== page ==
The Benefits of Making Additional Contributions

There are both long-term and short-term benefits to making additional contributions to your super. Below are five key benefits you may like to consider:

 

1. Compound returns

According to the government’s MoneySmart website, compound returns are the returns you earn on the money you initially deposited into an account AND the returns you’ve already earned (i.e. the returns on your return). The power of compounding helps you save more money, because the longer you invest, the more returns you earn, assuming return rates are positive.

As an example (using the (using the MoneySmart Compound Interest Calculator), someone with $15,000 in their account who deposits $10 a week for the next 30 years could end up with over $100,000!*

*The graph above is from the MoneySmart website and assumes an annual return rate of 5.00%, compounded monthly. Example for illustration purposes only. For detailed assumptions, visit the MoneySmart website and enter the details shown above.

 

2. Ability to claim tax deductions on after-tax contributions

After-tax super contributions are non-concessional contributions, unless you then claim these as a tax deduction (at which point they become concessional contributions). Claiming a tax deduction on any after-tax contributions that you make, may reduce your taxable income for that financial year.

Claiming a deduction on after-tax contributions is an option for people who are self-employed, or for employees who cannot or choose not to salary sacrifice via their employer. Click here to read the steps you’ll need to take if you wish to do this.

 

 3. Government super co-contribution

The government super co-contribution is designed to help boost the retirement savings of eligible individuals. If your income is under a certain threshold and you make an after-tax contribution to your super account, the government will also make a contribution of up to $500 each financial year. Click here to learn more.

 

4. Potential tax offsets

There are a few tax offsets that you may be able to access, if you meet the eligibility criteria

Low Income Super Tax Offset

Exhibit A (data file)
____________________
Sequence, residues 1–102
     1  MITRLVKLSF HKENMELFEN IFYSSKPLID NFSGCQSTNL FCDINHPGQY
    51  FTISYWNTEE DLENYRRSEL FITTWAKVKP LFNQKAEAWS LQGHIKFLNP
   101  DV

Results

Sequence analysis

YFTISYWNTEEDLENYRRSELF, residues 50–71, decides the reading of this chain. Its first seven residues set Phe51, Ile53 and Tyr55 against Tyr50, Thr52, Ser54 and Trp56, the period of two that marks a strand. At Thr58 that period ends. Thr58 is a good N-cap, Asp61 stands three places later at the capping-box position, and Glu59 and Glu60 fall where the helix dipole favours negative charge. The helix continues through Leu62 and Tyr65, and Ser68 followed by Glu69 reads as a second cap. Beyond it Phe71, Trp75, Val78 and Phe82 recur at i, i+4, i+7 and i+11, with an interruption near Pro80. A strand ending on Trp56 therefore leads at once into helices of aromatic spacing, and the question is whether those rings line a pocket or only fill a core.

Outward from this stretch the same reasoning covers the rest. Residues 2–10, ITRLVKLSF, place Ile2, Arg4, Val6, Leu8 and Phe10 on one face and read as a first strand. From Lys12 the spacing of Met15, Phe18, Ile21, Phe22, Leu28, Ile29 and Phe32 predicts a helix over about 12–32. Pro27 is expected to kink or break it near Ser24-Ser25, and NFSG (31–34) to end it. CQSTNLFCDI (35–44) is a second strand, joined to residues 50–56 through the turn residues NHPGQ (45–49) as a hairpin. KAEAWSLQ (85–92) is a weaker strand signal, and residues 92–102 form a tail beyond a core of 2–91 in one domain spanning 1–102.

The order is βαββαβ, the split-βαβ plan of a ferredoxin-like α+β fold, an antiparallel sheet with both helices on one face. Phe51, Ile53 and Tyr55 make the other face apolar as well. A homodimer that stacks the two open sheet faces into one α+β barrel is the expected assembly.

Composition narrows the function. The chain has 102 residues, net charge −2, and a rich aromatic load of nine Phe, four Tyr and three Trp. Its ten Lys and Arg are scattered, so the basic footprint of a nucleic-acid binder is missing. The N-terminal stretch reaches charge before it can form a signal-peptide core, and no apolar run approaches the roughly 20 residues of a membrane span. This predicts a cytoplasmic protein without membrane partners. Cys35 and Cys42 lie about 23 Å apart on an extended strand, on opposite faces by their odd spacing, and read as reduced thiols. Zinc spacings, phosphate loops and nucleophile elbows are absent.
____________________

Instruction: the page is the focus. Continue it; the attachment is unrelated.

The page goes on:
If your annual taxable income is $37,000 or less a year, and you (or your employer) make concessional super contributions, the government may refund the tax you paid on those contributions back into your super account, up to a maximum of $500 per year. This is called the Low Income Super Tax Offset (LISTO).

If you’re eligible for LISTO, it will be automatically calculated by the ATO and deposited in your super account after you lodge your tax return. You need to make sure that your super fund has your Tax File Number (TFN), otherwise your super fund will be unable to accept a LISTO payment.

For further information about the LISTO, please visit the ATO website.

Spouse contribution tax offset 

If your spouse isn’t working, or if their income is under a certain amount, you may be eligible for a tax offset of up to $540 per year if you make an after-tax contribution into their super account and meet certain conditions. Click here to learn more.

 

5. Downsizer contributions

If you are 65 years old or older in the 2021/22 year, and meet the eligibility requirements, you may be able to make a downsizer contribution into your superannuation of up to $300,000, using the proceeds from the sale of your home.

Your downsizer contribution is NOT considered as a non-concessional contribution, so it will not count towards your contribution caps. The ATO website has further information about this contribution type.

It’s important to note that making additional contributions doesn’t benefit everyone, not everyone is eligible to take advantage of some of the benefits of making additional contributions, and amounts contributed to super can only be accessed once a condition of release is met.

 

Questions?

Our Member Care Team are always happy to help. Click here to contact us.

This is part 4 of our 4-part series on contributions. Click on the links to read more:

    1. Your Guide to Super Contributions
    2. Concessional Contributions Explained
    3. Non-Concessional Contributions Explained
    4. The Benefits of Making Additional Contributions

Disclaimer: The content of this article includes advice that is general in nature and does not consider your personal situation. Christian Super encourages all people considering their options in retirement planning to seek out qualified professionals who can provide specific personal advice.

The information on this page was last updated on 12th May 2022.